Well, when they first announced Disney+, we immediately jumped in with a bunch of shorts. Turns out the audience didn’t want short little things from Pixar at least. It just didn’t perform as well. It didn’t earn its keep in terms of what we had to put into it to make them. So Disney asked us to pull back on anything that’s not the features. 

We’ve also found the better [a movie] does at the theater, the more successful it has been on Disney+. Initially you’d think if it does really well in the theater, nobody’s going to watch it on Disney+ because we’ve seen it already. It’s actually the opposite, which kind of makes sense. I remember as a kid I had The Muppet Show album, and I played that thing to death. As a kid you want the comfort of watching this one thing over and over and over. 

That’s true for us on Disney+. I don’t know if it’s true on Netflix.

I actually saw this morning that Super Mario Bros. has been on the Top 10 Netflix chart for 25 weeks. To your point, that movie did well in theaters and now it’s doing well on streaming.

That’s the same model. You know, I would love to push the theatrical window more. I’m no businessman, but just creatively it’d be great to make audiences feel if you don’t see this now, it’s going to be awhile before it’s readily available at your house.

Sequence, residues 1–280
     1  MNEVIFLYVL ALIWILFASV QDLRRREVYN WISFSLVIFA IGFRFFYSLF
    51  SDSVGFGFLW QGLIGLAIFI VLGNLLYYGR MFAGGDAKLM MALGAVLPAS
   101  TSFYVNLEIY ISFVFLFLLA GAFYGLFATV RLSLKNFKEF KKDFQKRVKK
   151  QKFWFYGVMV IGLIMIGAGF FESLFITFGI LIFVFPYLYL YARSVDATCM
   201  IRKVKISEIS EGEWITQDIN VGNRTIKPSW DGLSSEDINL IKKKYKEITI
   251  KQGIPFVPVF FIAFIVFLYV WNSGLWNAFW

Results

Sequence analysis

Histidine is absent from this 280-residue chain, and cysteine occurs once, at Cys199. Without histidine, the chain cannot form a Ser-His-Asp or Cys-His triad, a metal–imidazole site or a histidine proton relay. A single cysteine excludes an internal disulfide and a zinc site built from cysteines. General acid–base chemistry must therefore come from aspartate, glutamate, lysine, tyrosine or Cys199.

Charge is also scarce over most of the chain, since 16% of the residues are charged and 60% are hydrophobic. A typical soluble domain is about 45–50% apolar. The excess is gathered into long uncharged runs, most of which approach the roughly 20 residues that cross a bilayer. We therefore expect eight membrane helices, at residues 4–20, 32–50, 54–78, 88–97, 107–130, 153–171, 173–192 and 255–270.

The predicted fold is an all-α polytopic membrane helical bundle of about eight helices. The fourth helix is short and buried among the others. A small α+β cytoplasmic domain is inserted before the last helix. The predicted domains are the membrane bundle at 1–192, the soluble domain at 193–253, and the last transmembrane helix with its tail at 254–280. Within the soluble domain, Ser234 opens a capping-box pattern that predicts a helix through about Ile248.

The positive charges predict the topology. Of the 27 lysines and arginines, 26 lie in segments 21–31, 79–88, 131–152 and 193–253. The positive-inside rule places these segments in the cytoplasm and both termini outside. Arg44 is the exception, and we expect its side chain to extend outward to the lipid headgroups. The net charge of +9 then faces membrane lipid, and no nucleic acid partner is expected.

I’ve been shocked by how many big-budget movies this summer have wound up on PVOD (premium video on demand) two weeks after their release. 

It’s crazy. 

Inside Out 2 has a 100-day release window. That feels like a statement.

That’s how long we had for Elemental. When that movie came out we all said, “Oh, no, that didn’t open the way we thought it should!” But as time went on, it just had legs. I don’t know if the marketing was wrong, the space was too crowded, or people thought it didn’t look interesting. But word of mouth made people go check it out. I think that would not have happened if we came out three weeks later on Disney+.

Industry analysts have really built up the opening weekend of Inside Out 2. If it doesn’t succeed the summer box office is doomed. If it doesn’t succeed, Pixar is doomed. How do you see the stakes?